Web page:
IBM rolls out first Net-based utility service for Linux

IBM has launched an Internet-based service that allows Linux users to access the amount of processing power and other technical...

IBM has launched an Internet-based service that allows Linux users to access the amount of processing power and other technical resources they need on a utility basis.

The new on-demand service, called Linux Virtual Services, directly connects users' Linux-based server applications with IBM hosting centres that can supply them with managed server processing, storage and networked capacity on an on-demand basis.

These "virtual servers" in IBM's hosting centres run on the company's zSeries mainframes and users need only pay for the capacity they require. The servers are administered by IBM's Global Services unit.

IBM officials hope that what attracts users to the new service will be the up front savings of having to buy additional hardware to accommodate the new software infrastructure necessary to run an e-business.

"We think this is good for people looking at having to invest in new hardware, but it is also good for those users that do not have a mainframe now and would have to invest in training their IT personnel to acquire mainframe skills," a company spokesperson said.

The Virtual Services offering is based on an IBM technology that can carve out virtual servers from a zSeries system by partitioning the processing, storage and network capacity for each individual user. By isolating individual demand on the system, the technology can map resources to that demand while at the same time being able to offer the same level of separation among users that a physical server could.

In addition to the savings associated with not having to buy additional hardware, IBM officials say that users can also save by consolidating workloads to a central server, thereby increasing performance and reliability and also cutting down on costs associated with the administration and maintenance of widely dispersed servers.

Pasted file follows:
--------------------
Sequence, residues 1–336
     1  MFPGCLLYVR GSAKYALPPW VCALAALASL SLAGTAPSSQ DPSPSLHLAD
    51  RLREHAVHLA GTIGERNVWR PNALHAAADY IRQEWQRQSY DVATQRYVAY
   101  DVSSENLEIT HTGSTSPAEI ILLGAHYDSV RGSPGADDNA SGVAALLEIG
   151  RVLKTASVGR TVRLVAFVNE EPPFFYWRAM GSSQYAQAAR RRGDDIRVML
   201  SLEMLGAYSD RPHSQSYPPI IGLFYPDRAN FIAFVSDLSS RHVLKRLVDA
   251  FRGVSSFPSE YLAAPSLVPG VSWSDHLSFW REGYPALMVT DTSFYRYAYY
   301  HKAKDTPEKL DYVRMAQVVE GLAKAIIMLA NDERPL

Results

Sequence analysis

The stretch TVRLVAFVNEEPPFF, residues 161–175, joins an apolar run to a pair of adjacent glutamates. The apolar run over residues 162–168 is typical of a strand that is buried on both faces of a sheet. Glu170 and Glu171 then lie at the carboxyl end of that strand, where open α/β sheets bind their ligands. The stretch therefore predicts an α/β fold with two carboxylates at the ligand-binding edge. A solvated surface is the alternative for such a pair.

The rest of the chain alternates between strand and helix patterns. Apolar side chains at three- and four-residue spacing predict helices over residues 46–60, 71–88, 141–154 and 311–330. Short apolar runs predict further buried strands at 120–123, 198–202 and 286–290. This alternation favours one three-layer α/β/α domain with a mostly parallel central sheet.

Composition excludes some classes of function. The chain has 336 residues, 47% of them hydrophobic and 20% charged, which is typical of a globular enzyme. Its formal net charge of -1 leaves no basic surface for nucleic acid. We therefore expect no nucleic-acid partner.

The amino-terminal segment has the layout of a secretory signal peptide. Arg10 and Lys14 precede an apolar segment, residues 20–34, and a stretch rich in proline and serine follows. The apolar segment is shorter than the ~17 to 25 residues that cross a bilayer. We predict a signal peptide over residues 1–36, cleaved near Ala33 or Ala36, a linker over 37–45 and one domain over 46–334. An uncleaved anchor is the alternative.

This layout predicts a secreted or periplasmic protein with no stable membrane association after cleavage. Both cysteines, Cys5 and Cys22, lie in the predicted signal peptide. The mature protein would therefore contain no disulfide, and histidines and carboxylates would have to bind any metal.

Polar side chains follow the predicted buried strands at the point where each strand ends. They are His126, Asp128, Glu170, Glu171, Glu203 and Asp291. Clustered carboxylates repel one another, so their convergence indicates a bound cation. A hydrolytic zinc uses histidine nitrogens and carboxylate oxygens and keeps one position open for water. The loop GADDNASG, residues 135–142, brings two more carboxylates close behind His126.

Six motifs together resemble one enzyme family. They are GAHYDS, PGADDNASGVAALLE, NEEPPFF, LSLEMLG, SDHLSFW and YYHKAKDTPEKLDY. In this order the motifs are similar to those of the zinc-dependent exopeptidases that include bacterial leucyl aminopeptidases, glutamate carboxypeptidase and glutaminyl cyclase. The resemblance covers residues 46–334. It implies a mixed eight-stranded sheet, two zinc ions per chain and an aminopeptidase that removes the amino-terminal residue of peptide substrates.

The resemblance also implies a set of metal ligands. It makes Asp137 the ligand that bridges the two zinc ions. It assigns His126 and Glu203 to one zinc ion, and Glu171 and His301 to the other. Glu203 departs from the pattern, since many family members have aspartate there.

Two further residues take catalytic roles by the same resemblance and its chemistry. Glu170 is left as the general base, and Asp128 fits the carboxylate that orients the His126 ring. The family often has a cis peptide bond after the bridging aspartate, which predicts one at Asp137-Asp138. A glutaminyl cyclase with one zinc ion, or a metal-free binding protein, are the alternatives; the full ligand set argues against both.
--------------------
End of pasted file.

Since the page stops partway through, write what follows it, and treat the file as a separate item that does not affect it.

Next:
Under the new service, users can purchase on-demand processing power by the "service unit". A service unit is a measure that equates to the processing power being utilised, a company spokesman said. Because service units are based on a user's anticipated demand, it eliminates the need to over deploy capacity, thereby saving users money on capacity not being used.

IBM also says that Linux Virtual Services can help users increase the speed of operations tied to their core technologies through a rapid service deployment capability. Users will have the ability to deploy additional servers within minutes once the initial service has been activated, a spokesman explained.

Services include a 10% additional processing capacity per virtual server at no charge. This allows users to subscribe to the service based on their capacity requirements while still being able to accommodate unexpected surges in demand. Users also have the right to purchase added capacity for scheduled workload peaks including batch processing operations.

Further information about the new service is available at www.ibm.com/services.

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